In the realm of art films, the noted anthology RoGoPaG includes a SF segment by French New Wave auteur, Jean Luc Goddard. (Kino released it on VHS but so far have not given us a disk.)
Toho studios gave us a lot of SF films of all sorts. Among the most interesting of those not yet on DVD are the killer asteroid film, Gorath; a pair of films combining SF and crime, The H Man and The Secret Of The Telegian; and the apocalyptic The Last Days Of Planet Earth.
The most tantalizing collection of unseen films comes from behind the former Iron Curtain. In the West, some of these are little more than names, but still sound so intriguing one hopes someone will bring them here. Many praise the Russian/Polish production of Stanislaw Lem's Test Pilot Pirxa; Mechte Navstrechu was the follow-up to Planet Of Storms [bits of it were seen in another, DVD-less film, AIP's Queen Of Blood (Planet Of Blood), perhaps the best of the films Roger Corman stitched together out of bits of Russian films]; and then there's the surreal Estonian mystery story, The Dead Mountaineer Hotel, in which a detective trying to solve a murder realizes that some of his suspects are aliens (a new video game based on the original story by the Strugatsky brothers just debuted in the U.S. Hopefully this may inspire someone to release this film).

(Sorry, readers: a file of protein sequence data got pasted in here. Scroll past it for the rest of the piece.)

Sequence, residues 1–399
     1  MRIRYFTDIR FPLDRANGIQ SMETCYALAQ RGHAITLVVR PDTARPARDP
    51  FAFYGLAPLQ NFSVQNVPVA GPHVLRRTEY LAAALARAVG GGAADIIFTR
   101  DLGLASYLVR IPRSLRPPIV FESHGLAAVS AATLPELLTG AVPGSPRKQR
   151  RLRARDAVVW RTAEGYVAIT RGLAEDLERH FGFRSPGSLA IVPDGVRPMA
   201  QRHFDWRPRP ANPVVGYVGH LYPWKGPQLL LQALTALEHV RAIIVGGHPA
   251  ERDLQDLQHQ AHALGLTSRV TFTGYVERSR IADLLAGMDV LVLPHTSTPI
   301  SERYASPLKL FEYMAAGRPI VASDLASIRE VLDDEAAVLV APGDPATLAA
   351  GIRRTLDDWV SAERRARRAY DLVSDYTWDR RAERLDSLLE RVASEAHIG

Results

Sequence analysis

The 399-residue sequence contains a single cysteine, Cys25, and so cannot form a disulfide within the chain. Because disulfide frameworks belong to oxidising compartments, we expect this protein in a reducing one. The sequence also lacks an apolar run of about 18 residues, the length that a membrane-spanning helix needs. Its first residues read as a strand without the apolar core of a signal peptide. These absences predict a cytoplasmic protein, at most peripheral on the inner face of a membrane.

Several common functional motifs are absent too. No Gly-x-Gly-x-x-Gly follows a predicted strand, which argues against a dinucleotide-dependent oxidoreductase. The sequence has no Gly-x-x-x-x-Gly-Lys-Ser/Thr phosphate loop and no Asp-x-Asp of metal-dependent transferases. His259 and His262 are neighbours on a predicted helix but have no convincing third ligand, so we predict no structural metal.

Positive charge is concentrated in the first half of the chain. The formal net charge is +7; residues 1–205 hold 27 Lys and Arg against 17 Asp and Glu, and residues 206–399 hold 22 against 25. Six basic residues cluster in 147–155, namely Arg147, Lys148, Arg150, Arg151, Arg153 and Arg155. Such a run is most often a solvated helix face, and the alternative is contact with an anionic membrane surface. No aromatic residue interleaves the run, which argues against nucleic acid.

Two recently rediscovered documentaries deserve a spot on this list, as they come tantalizingly close to being SF—
Others include the Italian film, Planets Against Us; the French Prize Of Peril (which may have been an inspiration for The Running Man); another English film, 1966's Island Of Terror (which scared me so much when I was young that I never saw the whole film); the classic 1934 German movie, Gold (and perhaps 1953's Magnetic Monster, which borrowed its effects footage); and 1964's No Survivors, Please, a German alien conspiracy film in the Invasion Of The Body Snatchers mold.
Even with this list, we've only glanced at all the interesting lost films out there. A little research could easily uncover many more. Maybe we haven't seen all the good science fiction films after all.